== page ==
The architectural competition for the design of the Finnish Forest Museum was announced in November 1990. Architects SAFA Ilmari Lahdelma, Rainer Mahlamäki and Juha Mäki-Jyllilä won the competition with a proposal “Lusto”. The Finnish word “lusto” – a tree’s annual growth ring – symbolises growth as well as reflects the round shape of the building and the layered nature of its structure. “Lusto” was also chosen for the name of the museum.

The competition included a wish that “Finnish wood should be used in one form or another in the building”. At that time, building regulations did not permit the use of wood in large buildings, so Lusto is made of concrete and lined with larch. The solution gave rise to active discussion and as a result of this the regulations were relaxed. Since then, constructing large wooden buildings became possible.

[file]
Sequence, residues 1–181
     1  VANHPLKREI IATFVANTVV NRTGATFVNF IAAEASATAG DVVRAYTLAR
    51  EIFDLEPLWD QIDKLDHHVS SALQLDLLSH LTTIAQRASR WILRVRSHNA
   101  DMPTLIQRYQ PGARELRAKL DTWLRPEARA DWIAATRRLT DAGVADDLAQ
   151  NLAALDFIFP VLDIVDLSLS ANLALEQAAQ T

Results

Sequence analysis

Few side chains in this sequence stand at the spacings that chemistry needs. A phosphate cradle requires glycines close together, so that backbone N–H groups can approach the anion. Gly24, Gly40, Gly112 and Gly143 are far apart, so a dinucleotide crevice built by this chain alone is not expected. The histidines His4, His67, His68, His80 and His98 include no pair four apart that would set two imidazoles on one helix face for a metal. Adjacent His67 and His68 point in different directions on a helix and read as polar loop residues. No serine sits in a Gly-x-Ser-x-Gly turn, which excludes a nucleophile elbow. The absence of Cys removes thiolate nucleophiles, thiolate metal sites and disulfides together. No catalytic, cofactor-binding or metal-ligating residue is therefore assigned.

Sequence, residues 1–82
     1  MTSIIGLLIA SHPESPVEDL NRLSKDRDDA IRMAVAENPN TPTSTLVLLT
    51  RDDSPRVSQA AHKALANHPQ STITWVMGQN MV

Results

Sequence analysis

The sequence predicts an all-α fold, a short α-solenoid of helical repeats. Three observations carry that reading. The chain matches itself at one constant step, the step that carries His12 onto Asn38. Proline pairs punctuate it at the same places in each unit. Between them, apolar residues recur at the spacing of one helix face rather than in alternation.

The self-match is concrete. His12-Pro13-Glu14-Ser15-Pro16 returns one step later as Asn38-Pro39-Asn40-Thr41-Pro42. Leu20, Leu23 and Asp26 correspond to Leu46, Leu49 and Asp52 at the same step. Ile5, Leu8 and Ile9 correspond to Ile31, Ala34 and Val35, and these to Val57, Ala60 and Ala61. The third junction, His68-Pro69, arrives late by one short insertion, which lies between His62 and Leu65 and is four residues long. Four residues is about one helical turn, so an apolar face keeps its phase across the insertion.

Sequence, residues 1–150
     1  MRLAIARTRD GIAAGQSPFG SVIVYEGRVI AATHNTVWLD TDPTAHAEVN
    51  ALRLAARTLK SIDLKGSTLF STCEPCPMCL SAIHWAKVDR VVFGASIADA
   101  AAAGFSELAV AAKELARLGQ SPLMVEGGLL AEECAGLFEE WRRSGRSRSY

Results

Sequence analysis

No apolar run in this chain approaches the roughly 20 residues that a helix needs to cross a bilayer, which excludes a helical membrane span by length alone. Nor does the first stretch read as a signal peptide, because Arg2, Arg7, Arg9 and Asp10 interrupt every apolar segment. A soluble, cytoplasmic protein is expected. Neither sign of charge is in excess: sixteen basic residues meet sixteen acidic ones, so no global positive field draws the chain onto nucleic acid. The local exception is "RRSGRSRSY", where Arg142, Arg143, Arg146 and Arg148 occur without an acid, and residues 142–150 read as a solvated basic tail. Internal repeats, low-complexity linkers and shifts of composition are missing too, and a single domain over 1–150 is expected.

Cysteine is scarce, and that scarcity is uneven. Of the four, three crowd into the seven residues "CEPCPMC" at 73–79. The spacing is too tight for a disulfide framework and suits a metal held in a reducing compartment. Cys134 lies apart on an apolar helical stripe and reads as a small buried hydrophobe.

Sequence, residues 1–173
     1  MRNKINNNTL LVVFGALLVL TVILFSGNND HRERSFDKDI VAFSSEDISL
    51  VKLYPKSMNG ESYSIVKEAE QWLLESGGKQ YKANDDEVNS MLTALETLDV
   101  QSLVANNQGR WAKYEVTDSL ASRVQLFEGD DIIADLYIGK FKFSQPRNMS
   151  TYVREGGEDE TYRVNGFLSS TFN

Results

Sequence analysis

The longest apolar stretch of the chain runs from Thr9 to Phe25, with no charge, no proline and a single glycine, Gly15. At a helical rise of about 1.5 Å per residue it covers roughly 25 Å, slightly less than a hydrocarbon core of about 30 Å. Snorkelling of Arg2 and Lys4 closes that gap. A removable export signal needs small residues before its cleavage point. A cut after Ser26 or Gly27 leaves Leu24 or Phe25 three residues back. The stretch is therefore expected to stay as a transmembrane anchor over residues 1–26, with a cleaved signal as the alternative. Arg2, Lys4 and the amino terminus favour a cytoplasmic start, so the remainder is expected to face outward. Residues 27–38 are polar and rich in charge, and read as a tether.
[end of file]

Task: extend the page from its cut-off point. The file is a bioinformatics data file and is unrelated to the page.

The Lusto building has been elected as a representative of Finnish 20th century modern architecture.

Lahdelma and Mahlamäki also designed the Lusto extension which was completed in two phases in 2005 and 2008.